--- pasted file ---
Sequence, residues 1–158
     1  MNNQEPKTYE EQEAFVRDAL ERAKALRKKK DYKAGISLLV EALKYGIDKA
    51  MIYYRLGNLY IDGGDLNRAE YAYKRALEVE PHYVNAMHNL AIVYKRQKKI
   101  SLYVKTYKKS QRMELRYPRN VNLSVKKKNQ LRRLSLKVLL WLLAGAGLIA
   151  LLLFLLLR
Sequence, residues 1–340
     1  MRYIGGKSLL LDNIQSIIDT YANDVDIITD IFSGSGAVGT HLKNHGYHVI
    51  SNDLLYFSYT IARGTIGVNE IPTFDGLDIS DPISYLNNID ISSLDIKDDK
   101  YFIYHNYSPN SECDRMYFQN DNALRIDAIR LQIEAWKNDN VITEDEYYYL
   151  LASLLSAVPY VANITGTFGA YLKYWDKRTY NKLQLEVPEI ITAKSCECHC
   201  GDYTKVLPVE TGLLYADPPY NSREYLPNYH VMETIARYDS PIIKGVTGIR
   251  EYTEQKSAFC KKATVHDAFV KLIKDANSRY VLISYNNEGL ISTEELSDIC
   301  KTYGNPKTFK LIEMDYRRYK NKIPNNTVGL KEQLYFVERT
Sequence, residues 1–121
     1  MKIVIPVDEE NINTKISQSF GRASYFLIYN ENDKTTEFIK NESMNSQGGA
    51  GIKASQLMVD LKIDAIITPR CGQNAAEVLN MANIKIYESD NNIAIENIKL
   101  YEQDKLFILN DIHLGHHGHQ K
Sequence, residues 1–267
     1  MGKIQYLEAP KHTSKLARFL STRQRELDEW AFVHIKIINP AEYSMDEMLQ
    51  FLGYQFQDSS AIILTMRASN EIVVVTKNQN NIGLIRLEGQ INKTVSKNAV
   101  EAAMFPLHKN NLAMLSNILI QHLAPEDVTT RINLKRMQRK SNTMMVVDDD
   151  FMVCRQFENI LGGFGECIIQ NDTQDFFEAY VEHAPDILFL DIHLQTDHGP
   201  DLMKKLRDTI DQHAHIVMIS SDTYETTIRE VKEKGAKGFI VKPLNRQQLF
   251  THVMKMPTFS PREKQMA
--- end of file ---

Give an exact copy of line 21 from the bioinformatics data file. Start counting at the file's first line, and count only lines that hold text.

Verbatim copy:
   101  EAAMFPLHKN NLAMLSNILI QHLAPEDVTT RINLKRMQRK SNTMMVVDDD